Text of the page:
WE'RE MARRIED! AND WE WANT TO CELEBRATE!

Date, Time, Place

EVERYONE is welcome for as long and short as a time as they wish. We'll be there from 6pm to 2am and we welcome all our friends of all ages, including the kiddos.

Light appetizers will be about and a cash bar plus a full dining menu is available if you need something more substantial.

(The bartenders are my people, my friends, please tip appropriately and treat them kindly.)

Lastly, we are going to be moving around the county and it will be tough to pack any of the cool stuff you might want to gift us. We don't need presents! We value your presence more than your presents!



Don't pretend anything, start your life together in an open and honest manner. These days there are so many ways to do this, I think your way is just fine. And besides, you really do want to set the tone for both sets of parents that you are grownups and get to handle this in the way most comfortable for you. Trust me, SET THE TONE NOW.
posted by raisingsand at 9:19 AM on April 3, 2012 [13 favorites]


We're in a similar but different situation right now.

We didn't care at all about presents and showers and things like that. What I have come to realize is that people really want to do things for you and buy gifts. I too felt that registries were weird and didn't understand them, but I kept being told that we were really hard to buy things for and people didn't listen when we said we didn't need things. So we registered for stuff we wanted but could never justify.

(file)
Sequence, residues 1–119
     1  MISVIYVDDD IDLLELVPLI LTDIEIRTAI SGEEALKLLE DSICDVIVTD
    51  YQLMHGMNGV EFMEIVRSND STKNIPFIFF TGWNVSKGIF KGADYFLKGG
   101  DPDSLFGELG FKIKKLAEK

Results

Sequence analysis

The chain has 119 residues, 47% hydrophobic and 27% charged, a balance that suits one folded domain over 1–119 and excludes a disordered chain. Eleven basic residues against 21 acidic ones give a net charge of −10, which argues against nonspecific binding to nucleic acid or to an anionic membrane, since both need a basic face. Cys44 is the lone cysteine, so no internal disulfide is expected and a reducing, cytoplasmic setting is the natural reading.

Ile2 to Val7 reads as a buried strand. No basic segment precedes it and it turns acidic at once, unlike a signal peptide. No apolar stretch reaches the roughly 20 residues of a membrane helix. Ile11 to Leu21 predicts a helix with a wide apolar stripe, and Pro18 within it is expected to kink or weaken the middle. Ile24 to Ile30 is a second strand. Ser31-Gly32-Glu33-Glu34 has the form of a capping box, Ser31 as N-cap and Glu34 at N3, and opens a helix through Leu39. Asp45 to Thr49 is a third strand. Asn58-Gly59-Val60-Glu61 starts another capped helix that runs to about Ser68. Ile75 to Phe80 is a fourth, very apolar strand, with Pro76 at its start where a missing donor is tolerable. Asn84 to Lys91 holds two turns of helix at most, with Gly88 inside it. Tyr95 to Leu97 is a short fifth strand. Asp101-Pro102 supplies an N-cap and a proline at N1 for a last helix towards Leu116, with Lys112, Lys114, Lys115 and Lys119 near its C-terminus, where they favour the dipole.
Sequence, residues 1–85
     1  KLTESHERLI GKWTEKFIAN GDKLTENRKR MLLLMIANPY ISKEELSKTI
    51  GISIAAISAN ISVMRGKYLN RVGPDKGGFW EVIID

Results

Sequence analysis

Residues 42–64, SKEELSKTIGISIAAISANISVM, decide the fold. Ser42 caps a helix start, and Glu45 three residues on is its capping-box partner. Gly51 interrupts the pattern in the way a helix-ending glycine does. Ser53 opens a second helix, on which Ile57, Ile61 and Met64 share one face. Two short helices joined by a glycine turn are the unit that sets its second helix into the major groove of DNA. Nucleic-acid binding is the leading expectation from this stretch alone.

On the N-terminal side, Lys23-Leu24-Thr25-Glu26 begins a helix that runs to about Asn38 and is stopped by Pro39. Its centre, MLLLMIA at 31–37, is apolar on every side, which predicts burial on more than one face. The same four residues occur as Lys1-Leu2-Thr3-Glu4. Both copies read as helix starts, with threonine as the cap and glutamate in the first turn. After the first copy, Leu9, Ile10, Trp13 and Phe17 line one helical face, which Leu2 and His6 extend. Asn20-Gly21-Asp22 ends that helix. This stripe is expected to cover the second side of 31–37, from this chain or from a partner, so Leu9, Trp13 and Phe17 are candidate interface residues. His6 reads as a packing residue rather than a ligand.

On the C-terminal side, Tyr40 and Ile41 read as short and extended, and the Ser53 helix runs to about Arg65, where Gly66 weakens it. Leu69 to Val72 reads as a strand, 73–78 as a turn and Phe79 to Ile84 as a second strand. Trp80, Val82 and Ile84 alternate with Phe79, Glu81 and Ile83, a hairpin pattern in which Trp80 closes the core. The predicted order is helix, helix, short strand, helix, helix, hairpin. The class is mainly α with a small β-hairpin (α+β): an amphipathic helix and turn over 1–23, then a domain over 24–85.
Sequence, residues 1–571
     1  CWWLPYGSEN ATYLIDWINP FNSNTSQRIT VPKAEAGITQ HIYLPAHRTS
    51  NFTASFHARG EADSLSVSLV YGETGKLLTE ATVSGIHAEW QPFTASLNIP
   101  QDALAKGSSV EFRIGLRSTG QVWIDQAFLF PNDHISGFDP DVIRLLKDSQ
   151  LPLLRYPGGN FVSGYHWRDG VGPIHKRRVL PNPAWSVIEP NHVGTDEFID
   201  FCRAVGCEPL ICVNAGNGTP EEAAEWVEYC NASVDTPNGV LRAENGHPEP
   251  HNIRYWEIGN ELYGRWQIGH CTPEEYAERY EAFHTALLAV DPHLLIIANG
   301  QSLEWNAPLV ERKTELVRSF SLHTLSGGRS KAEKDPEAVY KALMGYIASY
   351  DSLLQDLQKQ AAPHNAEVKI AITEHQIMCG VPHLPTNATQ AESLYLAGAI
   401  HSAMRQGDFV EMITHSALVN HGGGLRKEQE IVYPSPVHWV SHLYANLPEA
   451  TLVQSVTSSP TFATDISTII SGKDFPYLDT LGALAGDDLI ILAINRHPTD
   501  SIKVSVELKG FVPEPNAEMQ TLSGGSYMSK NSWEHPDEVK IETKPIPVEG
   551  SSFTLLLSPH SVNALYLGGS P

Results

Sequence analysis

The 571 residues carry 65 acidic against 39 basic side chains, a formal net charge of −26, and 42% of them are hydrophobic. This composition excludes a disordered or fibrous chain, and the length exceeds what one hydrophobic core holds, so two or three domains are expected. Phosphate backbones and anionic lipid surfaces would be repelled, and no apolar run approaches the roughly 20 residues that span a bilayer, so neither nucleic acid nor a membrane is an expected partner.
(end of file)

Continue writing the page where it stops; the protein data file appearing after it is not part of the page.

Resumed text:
I think your party might be clearer if you actually call it a reception. "Come celebrate that we got married and it's awesome!"

I would not keep up any idea that you are planning to do a full big church wedding later if you aren't actually planning to or it can cause endless "so when is the real thing" and resentments as time passes. I know this from experience.

Lastly, congratulations!
posted by sock it to me at 9:19 AM on April 3, 2012


Sister Renault also had a don't-invite-anyone wedding, and that was fine and all, but...

You will have to give family something in the way of ritual and participation. I would suggest that in addition to your celebration, you have a more formal sit-down, dress-up dinner where toasts can be made and rambling speeches given.

You could incorporate that into your current celebration plans, of course, but when it's as loosey-goosey as it looks like it's going to be, that sense of ritual and participation by family and friends may not be there.

Weddings aren't just for the happy couple, of course. They're for everyone who loves them as well. Giving them something to do allows them to do that. A simple party, well, it's nice and all, and it's what you want, and everyone is happy to give that to you, but it's not the worst idea to have some accommodation of other people's expectations and need to go through this cultural convention, ridiculous as it may be. A second wedding isn't necessary, just something to allow people to play the roles they've been expecting to play.

So yeah. I would do a formal dinner as an add-on.

As a footnote to Sister Renault's exclusion wedding, while we were happy for them and everything, there is a sense that we missed out on something. Because we did. It was heightened by Father Renault's passing a couple of years later. If we could have done a proper send-off to the happy couple, I think those feelings would have been greatly alleviated. My two cents.
posted by Capt. Renault at 9:19 AM on April 3, 2012 [4 favorites]


PercussivePaul's linked comment is excellent.
posted by jb at 9:21 AM on April 3, 2012


You might ask yourself what would scratch the "I want a real wedding" itch without being dishonest (about the fact that you're already married) or breaking the bank.